If you’re going to vary the recipe…

I love cooking. The way that we can transform ‘simple’ ingredients into something deliciously complex is a wonder to behold, and a delight to experience.

If you don’t know how to cook, you can follow a recipe. With a little bit of discipline, focus, and the right ingredients, you can find yourself producing great quality food quite easily.

After a while, you can start to figure out how the recipe works. You find that a little bit extra of one ingredient will vary the taste, texture or appearance. You might even start to experiment.

Some people can start to create. Not just to follow the recipe, but to come up with entirely new concoctions, based upon the test kitchen in your mind.

Yet I would be reluctant to rely upon the skills of someone who hadn’t yet mastered a single recipe. Maybe they would create something delicious and creative and new. Maybe you would get food poisoning.

Individuality and self expression are great things, and it is good to note that most great innovators didn’t come from “the establishment” in their domain. Whether they be Rodin or 50 Cent, Einstein or Gershwin, Branson or Brin, innovators learn enough to speak the language of their chosen domain, though not so much as they lose their accent.

Before we start changing the rules, let’s find out what they are.

Originality: Sir Ken Robinson, W.B. Yeats and Sir Elton John

Sir Ken Robinson and I share many things in common, particularly with respect to viewing the crisis of education. There is a great need for our society to be filled with more people who love what they do and less people who just go through the motions, a shift that may be facilitated by moving away from thinking of education as being like an industrial process – that Ken likens to the “fast food approach” – and more like an organic, bespoke, Zagat or Michelin context for an individual to experience the conditions for them to flourish.

He ends his presentation at TED earlier this year with these words from W.B. Yeats:

Had I the heavens’ embroidered cloths,
Enwrought with golden and silver light,
The blue and the dim and the dark cloths
Of night and light and the half light,
I would spread the cloths under your feet:
But I, being poor, have only my dreams;
I have spread my dreams under your feet;
Tread softly because you tread on my dreams.

As I watched Ken reading, I couldn’t help but think of Elton John’s Your Song, a song that the late John Lennon described as “the first new thing that’s happened since we happened”. Just in case you don’t remember the lyrics, here are the first two verses:

It’s a little bit funny this feeling inside
I’m not one of those who can easily hide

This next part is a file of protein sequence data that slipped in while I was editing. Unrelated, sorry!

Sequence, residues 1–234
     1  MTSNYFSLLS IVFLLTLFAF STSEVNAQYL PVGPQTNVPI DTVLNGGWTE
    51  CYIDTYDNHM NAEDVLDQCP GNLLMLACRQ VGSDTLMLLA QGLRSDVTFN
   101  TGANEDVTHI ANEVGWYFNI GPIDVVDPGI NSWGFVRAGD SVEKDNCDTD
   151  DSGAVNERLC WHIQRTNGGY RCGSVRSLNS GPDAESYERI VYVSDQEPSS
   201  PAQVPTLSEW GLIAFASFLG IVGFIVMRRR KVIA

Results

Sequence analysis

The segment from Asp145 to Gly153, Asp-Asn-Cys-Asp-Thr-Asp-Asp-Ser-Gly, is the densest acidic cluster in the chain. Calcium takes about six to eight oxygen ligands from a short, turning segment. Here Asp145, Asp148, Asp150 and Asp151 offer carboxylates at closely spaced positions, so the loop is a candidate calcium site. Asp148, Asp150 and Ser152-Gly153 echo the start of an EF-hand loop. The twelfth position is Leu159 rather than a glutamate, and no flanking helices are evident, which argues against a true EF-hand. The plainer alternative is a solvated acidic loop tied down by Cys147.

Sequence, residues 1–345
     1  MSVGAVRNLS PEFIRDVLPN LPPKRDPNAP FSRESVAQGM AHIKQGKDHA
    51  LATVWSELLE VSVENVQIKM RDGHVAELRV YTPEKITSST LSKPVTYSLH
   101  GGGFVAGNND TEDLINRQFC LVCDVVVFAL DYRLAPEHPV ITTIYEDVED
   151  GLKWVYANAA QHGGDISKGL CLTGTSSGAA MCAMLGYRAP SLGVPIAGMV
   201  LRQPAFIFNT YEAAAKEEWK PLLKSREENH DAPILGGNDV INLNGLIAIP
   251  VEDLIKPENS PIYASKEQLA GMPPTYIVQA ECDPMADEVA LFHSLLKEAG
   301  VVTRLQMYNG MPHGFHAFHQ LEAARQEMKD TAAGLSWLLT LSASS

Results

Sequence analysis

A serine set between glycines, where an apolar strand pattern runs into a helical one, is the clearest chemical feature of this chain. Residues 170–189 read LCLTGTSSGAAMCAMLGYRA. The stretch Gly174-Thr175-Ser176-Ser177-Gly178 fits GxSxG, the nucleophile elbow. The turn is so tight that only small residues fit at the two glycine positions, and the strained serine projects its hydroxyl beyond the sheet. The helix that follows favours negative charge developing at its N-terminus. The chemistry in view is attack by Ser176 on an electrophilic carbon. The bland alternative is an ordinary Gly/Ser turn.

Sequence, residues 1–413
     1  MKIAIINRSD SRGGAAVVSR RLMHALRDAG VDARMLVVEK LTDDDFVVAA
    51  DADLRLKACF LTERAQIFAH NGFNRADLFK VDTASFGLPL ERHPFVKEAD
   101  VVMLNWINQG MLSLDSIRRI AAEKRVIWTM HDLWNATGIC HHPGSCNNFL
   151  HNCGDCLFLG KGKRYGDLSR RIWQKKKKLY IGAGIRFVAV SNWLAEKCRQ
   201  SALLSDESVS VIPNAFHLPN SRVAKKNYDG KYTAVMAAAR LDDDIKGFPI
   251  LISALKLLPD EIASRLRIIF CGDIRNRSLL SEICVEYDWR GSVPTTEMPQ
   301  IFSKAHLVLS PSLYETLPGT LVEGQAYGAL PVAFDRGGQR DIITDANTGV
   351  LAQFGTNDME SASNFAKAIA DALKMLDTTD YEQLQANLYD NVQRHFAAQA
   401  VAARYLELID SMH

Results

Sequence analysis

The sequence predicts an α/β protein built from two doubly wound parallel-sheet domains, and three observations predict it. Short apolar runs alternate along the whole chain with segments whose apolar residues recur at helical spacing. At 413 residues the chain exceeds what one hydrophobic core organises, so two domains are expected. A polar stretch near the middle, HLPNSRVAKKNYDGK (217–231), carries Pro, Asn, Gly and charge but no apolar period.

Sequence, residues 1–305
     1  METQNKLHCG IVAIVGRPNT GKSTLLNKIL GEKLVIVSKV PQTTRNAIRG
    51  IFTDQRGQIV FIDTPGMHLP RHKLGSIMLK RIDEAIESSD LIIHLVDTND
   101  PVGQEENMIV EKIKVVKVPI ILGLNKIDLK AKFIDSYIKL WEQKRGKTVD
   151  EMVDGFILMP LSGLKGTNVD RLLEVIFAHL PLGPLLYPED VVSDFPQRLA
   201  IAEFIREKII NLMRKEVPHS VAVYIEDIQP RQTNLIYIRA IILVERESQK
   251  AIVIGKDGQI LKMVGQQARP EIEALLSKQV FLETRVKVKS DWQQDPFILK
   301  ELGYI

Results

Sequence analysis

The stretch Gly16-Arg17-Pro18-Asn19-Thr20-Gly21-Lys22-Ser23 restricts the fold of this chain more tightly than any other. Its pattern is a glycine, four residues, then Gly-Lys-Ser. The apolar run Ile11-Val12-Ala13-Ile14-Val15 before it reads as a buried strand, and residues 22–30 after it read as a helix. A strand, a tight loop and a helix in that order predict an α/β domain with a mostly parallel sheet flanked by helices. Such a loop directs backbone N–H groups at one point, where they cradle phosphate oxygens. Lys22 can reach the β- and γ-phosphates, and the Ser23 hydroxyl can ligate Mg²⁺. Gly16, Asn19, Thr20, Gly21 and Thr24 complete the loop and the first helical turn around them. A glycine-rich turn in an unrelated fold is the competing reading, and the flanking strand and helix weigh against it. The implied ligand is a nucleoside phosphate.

I don’t have much money but boy if I did
I’d buy a big house where we both could live

If I was a sculptor, but then again, no
Or a man who makes potions in a travelling show
I know it’s not much but it’s the best I can do
My gift is my song and this one’s for you

So was Your Song original? Or did Elton read a little Yeats to Bernie one night before bed after a few bottles of wine, and have Bernie wake up the next morning with a flash of “inspiration”?

Perhaps Elton and Bernie have acknowledged the inspiration of Yeats in the past or perhaps the connection is only tenuous. Or maybe they came to this idea independently. Even if the ‘idea’ was from Yeats or even someone else, it was Sir Elton John that brought such a sentiment to the world in a form that we could embrace, love and enjoy today.

Creativity is sometimes strikingly divergent from the status quo. Sometimes it is a refinement. Other times, creativity might be more like a renaissance – a rebirth of older ideas so that they can find new life for another generation. This leaves the challenge for us to cultivate those conditions and contexts where those around us can find a way to express their uniqueness. And where we can express our own uniqueness.

Here is Sir Ken Robinson’s presentation at TED from earlier this year. I hope you enjoy it.

Who says the Earth revolves around the Sun?

If you were like me, you were probably taught that the Earth revolves around the Sun, and that it takes one year – a bit over 365 days – for the Earth to complete one such cycle.

And you probably also learned that we didn’t always believe that.

You might have learned about Ptolemy, who believed that the celestial bodies revolved around the Earth. It seems impossible to believe now, but that was the established wisdom for thousands of years. People were executed for disputing this scientific “fact”.

When Copernicus came up with his idea of the Earth revolving around the Sun, it didn’t make sense. The scientists of the day disputed his claims and showed through “science” that he was ‘wrong’, by demonstrating that his theories couldn’t explain what was happening any better than the established wisdom. In fact, Copernicus’ model offered worse predictions than Ptolemy’s model.